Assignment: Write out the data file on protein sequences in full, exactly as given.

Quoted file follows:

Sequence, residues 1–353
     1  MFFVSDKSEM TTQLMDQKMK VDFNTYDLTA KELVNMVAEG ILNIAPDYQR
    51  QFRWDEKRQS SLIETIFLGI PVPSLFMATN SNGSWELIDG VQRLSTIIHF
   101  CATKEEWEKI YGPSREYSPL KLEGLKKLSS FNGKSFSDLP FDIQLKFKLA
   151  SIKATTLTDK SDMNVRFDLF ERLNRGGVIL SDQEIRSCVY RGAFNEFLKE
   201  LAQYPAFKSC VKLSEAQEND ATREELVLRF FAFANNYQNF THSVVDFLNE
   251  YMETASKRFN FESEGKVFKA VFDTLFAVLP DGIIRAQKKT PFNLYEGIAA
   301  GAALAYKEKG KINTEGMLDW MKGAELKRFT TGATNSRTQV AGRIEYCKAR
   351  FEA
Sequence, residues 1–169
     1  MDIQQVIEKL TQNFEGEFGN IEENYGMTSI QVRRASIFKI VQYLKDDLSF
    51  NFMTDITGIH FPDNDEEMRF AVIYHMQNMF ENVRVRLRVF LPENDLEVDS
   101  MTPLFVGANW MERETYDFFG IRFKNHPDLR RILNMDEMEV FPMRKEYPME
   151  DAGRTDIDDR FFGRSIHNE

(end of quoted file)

Sequence, residues 1–353
     1  MFFVSDKSEM TTQLMDQKMK VDFNTYDLTA KELVNMVAEG ILNIAPDYQR
    51  QFRWDEKRQS SLIETIFLGI PVPSLFMATN SNGSWELIDG VQRLSTIIHF
   101  CATKEEWEKI YGPSREYSPL KLEGLKKLSS FNGKSFSDLP FDIQLKFKLA
   151  SIKATTLTDK SDMNVRFDLF ERLNRGGVIL SDQEIRSCVY RGAFNEFLKE
   201  LAQYPAFKSC VKLSEAQEND ATREELVLRF FAFANNYQNF THSVVDFLNE
   251  YMETASKRFN FESEGKVFKA VFDTLFAVLP DGIIRAQKKT PFNLYEGIAA
   301  GAALAYKEKG KINTEGMLDW MKGAELKRFT TGATNSRTQV AGRIEYCKAR
   351  FEA
Sequence, residues 1–169
     1  MDIQQVIEKL TQNFEGEFGN IEENYGMTSI QVRRASIFKI VQYLKDDLSF
    51  NFMTDITGIH FPDNDEEMRF AVIYHMQNMF ENVRVRLRVF LPENDLEVDS
   101  MTPLFVGANW MERETYDFFG IRFKNHPDLR RILNMDEMEV FPMRKEYPME
   151  DAGRTDIDDR FFGRSIHNE